Food for Thought: Planting a Pizza Garden

Connecting gardening with cooking is one way of extending learning outside the garden. Plant a “pizza garden” with tomatoes, peppers, and herbs like basil and oregano. Once kids harvest the goodies, they can invite their friends to a pizza party.

Create a Pizza Garden
Source: Blog

Gardening Activities for Every Season

Each season presents opportunities for its own particular activities – even winter, when your garden may be covered in snow. When gardening outdoors isn’t possible, bring the garden indoors by planting houseplants, growing a windowsill or kitchen garden, sowing seeds, or starting a creative project, such as building a bird feeder or making plant markers from popsicle sticks.

Indoor Garden Project: Plant an Avocado Seed in a Glass

This age-old project is actually a simple form of hydroponic gardening, helping teach kids about this soilless form of gardening. Avocados grow fast, making this an easy winter activity in which kids can observe and nurture their plant before taking it outside and replanting it in the spring.

How to Start and Avocado Seed
Source: Blog

Spring, Summer, and Fall Garden Projects

The cool weather of early spring is a good time to start seeds indoors. In late spring, when the weather grows warmer, kids can plant easy-to-grow cool-weather veggies like spinach, lettuce, radishes, and peas, which they are more likely to eat than chard or kale.

In the summer, you and your children can curl up and read Jack and the Beanstalk together next to the climbing green beans you planted.

In autumn, when the leaves begin to fall and temperatures drop, you can have your young ones help with late-season gardening projects. If you have room to grow pumpkins, you can use them at Halloween when you are ready to make jack-o-lanterns. Have the kids help decide what to carve in your pumpkins.

Lifelong Learning In and Out of the Garden

Some projects are multi-seasonal, meaning they can be enjoyed any time of year. A terrarium – a miniature garden inside a covered glass or plastic container – is an excellent method for teaching about evaporation, condensation, and precipitation. Constructing a bird feeder from a milk carton is an easy project for kids, and it allows them to observe birds’ feeding behaviors once you take it outside and fill it up.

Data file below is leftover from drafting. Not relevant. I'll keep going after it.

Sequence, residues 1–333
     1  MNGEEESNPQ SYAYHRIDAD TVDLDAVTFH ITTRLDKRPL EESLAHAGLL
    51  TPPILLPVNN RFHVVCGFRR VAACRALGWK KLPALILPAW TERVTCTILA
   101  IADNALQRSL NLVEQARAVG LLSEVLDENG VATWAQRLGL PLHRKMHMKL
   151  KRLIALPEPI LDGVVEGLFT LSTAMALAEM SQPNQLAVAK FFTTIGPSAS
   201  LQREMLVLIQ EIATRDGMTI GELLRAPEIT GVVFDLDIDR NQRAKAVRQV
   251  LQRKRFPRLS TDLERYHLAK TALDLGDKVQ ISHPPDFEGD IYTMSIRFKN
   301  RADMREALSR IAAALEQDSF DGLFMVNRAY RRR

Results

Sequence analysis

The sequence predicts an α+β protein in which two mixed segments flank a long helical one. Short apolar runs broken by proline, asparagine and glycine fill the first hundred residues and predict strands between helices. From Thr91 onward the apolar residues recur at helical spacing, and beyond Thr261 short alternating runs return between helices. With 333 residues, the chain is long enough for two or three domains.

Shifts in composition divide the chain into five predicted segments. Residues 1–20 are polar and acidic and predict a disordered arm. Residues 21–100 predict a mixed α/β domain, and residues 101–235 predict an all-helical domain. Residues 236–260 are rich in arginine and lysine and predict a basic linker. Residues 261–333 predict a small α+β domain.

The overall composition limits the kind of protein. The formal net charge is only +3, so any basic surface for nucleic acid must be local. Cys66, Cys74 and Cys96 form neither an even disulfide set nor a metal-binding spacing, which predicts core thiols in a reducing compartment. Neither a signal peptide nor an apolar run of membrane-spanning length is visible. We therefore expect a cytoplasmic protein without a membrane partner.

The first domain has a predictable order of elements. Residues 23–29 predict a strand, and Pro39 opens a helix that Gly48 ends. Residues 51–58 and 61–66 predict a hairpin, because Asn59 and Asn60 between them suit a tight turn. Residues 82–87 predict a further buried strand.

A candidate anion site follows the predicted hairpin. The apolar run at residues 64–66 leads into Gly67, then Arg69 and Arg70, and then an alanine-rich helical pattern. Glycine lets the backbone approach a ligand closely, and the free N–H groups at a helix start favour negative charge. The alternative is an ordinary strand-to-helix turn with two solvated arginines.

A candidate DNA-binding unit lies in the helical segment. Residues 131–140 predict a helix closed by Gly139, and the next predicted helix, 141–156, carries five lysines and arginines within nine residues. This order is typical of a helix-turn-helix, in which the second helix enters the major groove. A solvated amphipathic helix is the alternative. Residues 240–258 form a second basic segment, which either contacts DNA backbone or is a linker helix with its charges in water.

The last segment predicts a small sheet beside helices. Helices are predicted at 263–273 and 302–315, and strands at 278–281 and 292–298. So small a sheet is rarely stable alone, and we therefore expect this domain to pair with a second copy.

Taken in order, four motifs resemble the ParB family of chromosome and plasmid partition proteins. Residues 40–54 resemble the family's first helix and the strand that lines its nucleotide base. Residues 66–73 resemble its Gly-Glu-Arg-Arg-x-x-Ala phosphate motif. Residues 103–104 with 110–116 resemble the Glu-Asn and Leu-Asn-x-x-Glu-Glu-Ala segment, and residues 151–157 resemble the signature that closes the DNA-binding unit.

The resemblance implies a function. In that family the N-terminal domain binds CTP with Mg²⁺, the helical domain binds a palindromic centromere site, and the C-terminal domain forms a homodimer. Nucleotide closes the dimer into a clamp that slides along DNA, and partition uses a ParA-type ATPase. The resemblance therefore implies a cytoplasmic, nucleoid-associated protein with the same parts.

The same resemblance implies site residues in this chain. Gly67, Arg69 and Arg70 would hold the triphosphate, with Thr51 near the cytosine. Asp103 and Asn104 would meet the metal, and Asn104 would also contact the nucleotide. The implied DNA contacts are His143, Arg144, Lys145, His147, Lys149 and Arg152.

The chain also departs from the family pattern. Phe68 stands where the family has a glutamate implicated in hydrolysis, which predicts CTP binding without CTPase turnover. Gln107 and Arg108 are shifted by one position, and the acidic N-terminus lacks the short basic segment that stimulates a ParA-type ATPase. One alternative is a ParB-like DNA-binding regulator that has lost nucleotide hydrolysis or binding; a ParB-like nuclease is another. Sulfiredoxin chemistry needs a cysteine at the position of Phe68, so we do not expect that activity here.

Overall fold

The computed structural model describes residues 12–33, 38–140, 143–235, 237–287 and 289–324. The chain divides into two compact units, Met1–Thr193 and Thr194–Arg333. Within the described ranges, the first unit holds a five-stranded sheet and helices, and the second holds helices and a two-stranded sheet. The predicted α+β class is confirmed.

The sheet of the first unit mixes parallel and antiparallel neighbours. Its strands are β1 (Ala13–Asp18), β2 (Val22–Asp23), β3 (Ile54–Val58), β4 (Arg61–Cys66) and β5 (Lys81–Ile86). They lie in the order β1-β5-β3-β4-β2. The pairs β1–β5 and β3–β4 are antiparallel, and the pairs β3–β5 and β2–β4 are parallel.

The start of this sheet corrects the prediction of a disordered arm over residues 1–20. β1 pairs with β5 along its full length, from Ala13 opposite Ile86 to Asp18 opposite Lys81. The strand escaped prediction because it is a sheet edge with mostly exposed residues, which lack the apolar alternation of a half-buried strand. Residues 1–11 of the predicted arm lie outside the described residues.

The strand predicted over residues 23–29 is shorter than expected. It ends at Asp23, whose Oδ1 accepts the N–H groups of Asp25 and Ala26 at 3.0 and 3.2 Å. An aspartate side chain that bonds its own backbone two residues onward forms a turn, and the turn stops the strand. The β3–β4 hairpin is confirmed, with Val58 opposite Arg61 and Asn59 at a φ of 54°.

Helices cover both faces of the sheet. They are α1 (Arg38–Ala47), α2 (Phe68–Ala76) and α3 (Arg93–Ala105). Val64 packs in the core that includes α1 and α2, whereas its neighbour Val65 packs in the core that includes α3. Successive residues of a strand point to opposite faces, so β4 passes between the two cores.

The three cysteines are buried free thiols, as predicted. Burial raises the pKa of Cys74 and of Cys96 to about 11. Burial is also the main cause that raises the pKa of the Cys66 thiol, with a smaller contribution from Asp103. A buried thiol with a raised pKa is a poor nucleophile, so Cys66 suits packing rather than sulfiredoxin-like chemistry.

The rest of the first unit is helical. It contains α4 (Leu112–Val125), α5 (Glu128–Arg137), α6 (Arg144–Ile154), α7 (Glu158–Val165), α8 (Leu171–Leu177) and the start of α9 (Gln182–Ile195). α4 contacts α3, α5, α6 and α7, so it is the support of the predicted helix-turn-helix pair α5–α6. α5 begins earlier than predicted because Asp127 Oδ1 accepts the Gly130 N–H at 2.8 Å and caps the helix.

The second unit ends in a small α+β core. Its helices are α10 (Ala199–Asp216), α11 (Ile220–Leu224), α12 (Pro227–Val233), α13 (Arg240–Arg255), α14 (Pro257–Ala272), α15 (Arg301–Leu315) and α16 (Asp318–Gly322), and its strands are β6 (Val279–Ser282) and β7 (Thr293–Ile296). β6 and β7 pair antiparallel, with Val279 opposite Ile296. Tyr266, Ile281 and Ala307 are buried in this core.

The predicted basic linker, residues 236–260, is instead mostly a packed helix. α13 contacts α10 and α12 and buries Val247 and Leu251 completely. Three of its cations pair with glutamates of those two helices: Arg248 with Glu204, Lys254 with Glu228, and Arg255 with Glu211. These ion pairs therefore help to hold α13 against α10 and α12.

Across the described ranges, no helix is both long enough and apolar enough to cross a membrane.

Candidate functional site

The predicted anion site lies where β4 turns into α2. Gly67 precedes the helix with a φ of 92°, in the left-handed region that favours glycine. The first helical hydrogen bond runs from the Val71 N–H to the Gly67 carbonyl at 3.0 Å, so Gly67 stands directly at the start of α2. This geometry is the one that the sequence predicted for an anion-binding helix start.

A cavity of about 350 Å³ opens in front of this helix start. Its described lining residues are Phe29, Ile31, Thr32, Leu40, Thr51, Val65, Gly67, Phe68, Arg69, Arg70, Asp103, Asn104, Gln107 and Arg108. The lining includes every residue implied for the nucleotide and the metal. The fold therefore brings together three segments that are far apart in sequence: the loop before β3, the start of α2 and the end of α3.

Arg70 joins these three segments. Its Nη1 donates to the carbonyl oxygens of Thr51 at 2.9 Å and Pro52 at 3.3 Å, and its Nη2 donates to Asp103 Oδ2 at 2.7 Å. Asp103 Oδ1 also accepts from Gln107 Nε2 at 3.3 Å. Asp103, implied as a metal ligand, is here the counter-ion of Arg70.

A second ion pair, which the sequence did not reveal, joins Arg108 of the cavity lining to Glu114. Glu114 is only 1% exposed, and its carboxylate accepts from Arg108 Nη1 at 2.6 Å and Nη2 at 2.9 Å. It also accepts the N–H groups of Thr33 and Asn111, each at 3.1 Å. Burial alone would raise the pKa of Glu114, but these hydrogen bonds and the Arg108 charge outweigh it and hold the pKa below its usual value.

Staying in the Zone

If you don’t live in a zone in which you can garden all year, you should put your garden to bed in the fall. Although it may seem like the end of the gardening season, this time of year still offers opportunities for experiential learning. Indoor gardening projects will keep kids growing plants all year, allowing them to develop important life skills such as responsibility, communication, cooperation, and sharing. Gardening helps build kids’ self-confidence and sense of accomplishment and gives adults a chance to spend quality time with the kids.

Source: Blog



KidsGardening Volunteers at Day in the Dirt!

Amanda S – Interim Executive Director

"We were so excited to be a part of the 4th annual Day in the Dirt! This weekend we volunteered with the UVM Rubenstein School, Lululemon Athletica, Burlington and ArtsRiot to install an outdoor learning space at John J Flynn Elementary in Burlington, VT. We had a great time digging in the dirt and meeting new friends! It was a beautiful day in Vermont!‪"

The 4th annual Day in the Dirt! includes teams of volunteers working at community and school garden sites all over the city, a delicious picnic, and plenty of fun and prizes. Day in the Dirt! is made possible thanks to nearly 200 volunteers and a host of local Vermont businesses.


This year’s garden work sites included:

  • KG-DayintheDirt--4Baird School Garden
  • Champlain Elementary School Fresh Garden
  • Community Teaching Garden at Ethan Allen Homestead
  • Community Teaching Garden at Tommy Thompson Community Garden
  • Family Room Garden at Ethan Allen Homestead Fanny Allen Garden at UVM Medical Center
  • Harbor Place in Shelburne, Homeward Bound Collective
  • Indigenous Seed Garden at the Intervale Center
  • KG-DayintheDirt--2JJ Flynn Elementary School
  • Lakeview South Community Garden
  • North Avenue Coop
  • Riverside Neighborhood Garden
  • The Hunt Garden
  • UVM Campus Children’s School


Day in the Dirt is a part of Vermont Community Garden Network's Dirty Weekend 2016, "A celebration of soils, spring and community spirit!" The weekend was full of incredible events such as the Dirt Ball, Day in the Dirt, and Compost Fest! It was a whole weekend of dirty fun for all! We're looking forward to next year!



Dirty Weekend Information Source: Vermont Community Garden Network